Francis Chan is the former pastor of Cornerstone Church in Simi Valley, CA. This book is a follow up to Chan’s best selling book Crazy Love. It is an invitation to comprehend, accept, and pursue the Holy Spirit’s direction in our lives. We often pray to the Father, the Son, and the Holy Spirit, but we seldom live in recognition of the Spirit.
Chan tells us the Spirit is more obviously active in places where people are desperate for Him, humbled before Him, and not distracted by their pursuit of wealth or comforts like we are. The church becomes irrelevant when it becomes purely a human creation. We are not all we were made to be when everything in our lives and churches can be explained apart from the work and presence of the Spirit of God.
Our modern church teaches frequently about Jesus and about God, but the Holy Spirit is seldom taught, frequently misunderstood and occasionally neglected. Pentecostals frequently misinterpret the role of the Holy Spirit, while Calvinists undervalue the Holy Spirit. The Spirit and his role as an equal and valuable member of the Trinity are imperative. Throughout the New and Old Testament the Spirit plays an active role in churches and individuals lives.
The term Holy Spirit appears nearly 100 times in Scripture and is featured prominently before the birth of Christ and after his death. The roles of the Holy Spirit in every Christian life includes: conviction of sin, bringing to conversion, enabling the Christian life, a comforter, inspiration and interpretation of scripture.
As Christians we frequently neglect the Spirit and Chan tries to nudge us to embrace the Spirit as a loving part of our faith.
First published in 1894 this book is compiled from the journals and letters of J. Hudson Taylor, the 19th century missionary to China. Taylor spent 51 years as a pioneering missionary in China and changed the way many view missions today.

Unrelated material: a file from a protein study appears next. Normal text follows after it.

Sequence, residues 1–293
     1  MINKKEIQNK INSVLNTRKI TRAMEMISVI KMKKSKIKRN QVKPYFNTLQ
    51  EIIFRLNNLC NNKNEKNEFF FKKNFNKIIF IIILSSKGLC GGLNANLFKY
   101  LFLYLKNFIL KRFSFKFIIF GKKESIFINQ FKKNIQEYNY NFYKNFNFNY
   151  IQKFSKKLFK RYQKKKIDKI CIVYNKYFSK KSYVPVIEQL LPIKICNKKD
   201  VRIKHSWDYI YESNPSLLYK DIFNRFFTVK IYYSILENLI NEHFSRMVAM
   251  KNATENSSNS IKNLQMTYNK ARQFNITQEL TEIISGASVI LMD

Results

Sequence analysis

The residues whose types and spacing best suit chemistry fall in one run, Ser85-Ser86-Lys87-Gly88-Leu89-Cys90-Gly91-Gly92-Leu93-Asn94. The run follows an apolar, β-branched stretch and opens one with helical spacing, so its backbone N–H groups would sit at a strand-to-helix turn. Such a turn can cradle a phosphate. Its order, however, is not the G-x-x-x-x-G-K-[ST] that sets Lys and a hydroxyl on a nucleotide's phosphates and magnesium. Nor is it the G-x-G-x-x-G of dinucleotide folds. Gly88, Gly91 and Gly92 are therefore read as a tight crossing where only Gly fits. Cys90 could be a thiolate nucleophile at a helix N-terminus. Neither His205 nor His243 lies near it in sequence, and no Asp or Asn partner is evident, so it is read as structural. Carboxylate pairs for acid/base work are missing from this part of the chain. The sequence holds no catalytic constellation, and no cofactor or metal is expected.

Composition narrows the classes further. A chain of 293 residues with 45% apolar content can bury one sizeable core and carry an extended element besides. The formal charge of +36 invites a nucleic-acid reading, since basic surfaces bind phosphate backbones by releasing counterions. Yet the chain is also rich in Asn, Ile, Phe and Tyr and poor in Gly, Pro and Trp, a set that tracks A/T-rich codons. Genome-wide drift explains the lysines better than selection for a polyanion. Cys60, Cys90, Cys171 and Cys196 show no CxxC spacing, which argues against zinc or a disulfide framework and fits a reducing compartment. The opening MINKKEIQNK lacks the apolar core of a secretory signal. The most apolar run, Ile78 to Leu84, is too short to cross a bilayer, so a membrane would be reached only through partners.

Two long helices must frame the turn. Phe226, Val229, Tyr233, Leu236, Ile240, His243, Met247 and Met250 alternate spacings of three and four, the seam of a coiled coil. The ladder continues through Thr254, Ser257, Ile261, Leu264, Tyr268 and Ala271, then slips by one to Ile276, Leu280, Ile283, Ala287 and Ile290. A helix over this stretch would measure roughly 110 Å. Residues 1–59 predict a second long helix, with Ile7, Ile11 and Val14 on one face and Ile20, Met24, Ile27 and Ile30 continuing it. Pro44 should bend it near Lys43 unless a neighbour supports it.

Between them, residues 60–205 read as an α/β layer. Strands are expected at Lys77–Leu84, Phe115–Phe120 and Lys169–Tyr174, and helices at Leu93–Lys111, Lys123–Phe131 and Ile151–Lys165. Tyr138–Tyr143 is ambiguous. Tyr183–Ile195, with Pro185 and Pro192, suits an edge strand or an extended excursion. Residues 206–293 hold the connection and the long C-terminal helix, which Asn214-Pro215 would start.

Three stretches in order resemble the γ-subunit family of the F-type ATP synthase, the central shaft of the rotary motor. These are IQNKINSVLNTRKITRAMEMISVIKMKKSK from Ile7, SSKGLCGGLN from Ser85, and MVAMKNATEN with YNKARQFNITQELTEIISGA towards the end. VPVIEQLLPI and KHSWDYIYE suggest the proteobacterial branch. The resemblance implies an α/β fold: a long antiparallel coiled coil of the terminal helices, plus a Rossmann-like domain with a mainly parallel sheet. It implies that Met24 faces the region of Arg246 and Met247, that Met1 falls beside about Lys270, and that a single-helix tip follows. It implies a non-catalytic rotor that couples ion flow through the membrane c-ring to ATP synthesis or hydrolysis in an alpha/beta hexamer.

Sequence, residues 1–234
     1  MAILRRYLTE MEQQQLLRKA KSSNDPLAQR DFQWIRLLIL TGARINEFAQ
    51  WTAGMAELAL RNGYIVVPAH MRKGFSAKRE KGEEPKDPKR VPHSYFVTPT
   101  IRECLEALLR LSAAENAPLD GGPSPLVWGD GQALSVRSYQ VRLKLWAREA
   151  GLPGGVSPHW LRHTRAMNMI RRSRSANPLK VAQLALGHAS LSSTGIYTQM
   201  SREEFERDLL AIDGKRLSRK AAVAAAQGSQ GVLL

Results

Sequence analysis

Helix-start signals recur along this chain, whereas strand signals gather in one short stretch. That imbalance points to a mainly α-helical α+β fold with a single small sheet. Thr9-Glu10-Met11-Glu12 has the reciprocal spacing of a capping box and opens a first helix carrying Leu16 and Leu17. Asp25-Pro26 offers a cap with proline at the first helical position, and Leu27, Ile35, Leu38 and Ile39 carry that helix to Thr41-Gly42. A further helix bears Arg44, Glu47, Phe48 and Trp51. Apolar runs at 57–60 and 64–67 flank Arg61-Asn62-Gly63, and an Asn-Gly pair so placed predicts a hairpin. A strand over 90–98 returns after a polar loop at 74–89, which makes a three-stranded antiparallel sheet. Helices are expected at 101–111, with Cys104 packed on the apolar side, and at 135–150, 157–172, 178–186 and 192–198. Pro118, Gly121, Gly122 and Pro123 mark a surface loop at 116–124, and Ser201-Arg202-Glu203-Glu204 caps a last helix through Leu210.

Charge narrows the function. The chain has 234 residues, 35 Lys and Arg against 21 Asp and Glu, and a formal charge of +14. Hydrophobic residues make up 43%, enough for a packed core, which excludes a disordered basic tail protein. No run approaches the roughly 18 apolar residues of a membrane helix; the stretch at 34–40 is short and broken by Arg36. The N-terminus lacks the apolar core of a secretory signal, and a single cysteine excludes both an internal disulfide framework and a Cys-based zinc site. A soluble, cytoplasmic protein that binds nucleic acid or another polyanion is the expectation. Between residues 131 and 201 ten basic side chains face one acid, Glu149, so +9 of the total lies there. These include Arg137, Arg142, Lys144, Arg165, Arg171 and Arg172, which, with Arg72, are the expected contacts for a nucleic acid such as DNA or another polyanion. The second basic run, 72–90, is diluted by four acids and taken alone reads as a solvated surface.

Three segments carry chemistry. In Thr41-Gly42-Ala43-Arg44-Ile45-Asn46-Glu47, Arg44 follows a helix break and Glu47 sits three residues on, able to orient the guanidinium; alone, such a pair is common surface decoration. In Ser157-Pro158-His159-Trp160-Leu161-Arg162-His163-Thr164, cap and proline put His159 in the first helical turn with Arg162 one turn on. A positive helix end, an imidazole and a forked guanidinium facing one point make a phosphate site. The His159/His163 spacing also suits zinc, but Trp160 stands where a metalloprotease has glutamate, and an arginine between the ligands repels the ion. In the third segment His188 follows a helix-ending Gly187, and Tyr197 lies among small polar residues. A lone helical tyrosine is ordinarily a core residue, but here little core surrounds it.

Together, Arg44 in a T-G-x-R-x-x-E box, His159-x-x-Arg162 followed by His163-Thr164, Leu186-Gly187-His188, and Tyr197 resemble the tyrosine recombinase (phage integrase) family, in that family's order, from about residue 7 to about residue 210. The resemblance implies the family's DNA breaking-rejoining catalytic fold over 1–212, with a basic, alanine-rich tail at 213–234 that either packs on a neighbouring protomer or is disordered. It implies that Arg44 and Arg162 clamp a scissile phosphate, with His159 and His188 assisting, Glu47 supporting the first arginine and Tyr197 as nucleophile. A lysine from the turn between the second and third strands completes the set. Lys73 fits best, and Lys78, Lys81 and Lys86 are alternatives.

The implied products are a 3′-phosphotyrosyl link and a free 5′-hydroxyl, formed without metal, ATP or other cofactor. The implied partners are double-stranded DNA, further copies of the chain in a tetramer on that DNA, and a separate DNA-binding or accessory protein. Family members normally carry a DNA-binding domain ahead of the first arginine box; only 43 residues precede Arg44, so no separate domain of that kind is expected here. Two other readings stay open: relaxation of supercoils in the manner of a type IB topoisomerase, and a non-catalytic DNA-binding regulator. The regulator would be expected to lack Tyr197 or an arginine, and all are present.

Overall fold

This short book covers from Taylor’s conversion in 1849 to the beginning of his second voyage to China in 1866. During this period he hears and heeds his call to missions, spends seven years in China, resigns from his mission society, returns to England, forms his own mission society and returns to China. The true beauty of this book is that these pivotal and influential years are documented in Taylor’s own words.
In the second half of the 19th century Hudson Taylor completely bucked conventional wisdom in the world of missions. Many of his peers spent much of their time bringing “civilized” culture to other countries ahead of the gospel. Taylor, on the other hand, immersed himself in the Chinese culture. He lived, talked, dressed, ate and traveled like those he came to serve. Other missionaries and many senders viewed him as too radical and denounced his efforts. Taylor was revolutionary in the way he financed missions, treated female missionaries and addressed the spiritual needs of the Chinese people.
This book provides an honest and insightful look into the thought process of one of the most successful and significant missionaries in modern history. The sincere words of this transparent man are a benefit to goers and senders alike. He displays his fears, self-doubt, uncertainty and unflappable faith in Christ for all to see.
While this is not the most popular book on Hudson Taylor it is the most honest. It is a rare and precious glimpse into the heart of one of God’s greatest missionaries.
William Barcley is the pastor of Sovereign Grace Presbyterian Church in Charlotte, North Carolina. He has served as Academic Dean at Reformed Theological Seminary and taught at Gordon College. Barcley addresses the issue of discontent and how the reader can find contentment from knowing God and enjoying his sovereignty and loving mercy.
Barcley does a fine job outlining a heart condition that frequently accompanies greater theological concern. As we demonstrate discontent we are calling into play a questioning of God’s sovereignty. How could we not be content if we truly understand and embrace God’s plan and perfect orchestration of his will in our lives?
It is natural for humans to complain and be discontented. It is part of our sin nature. Our murmuring, however, is a clear sign we are not satisfied with an aspect of our life. We are either out of God’s will or lack an understanding of the depth of his sovereignty.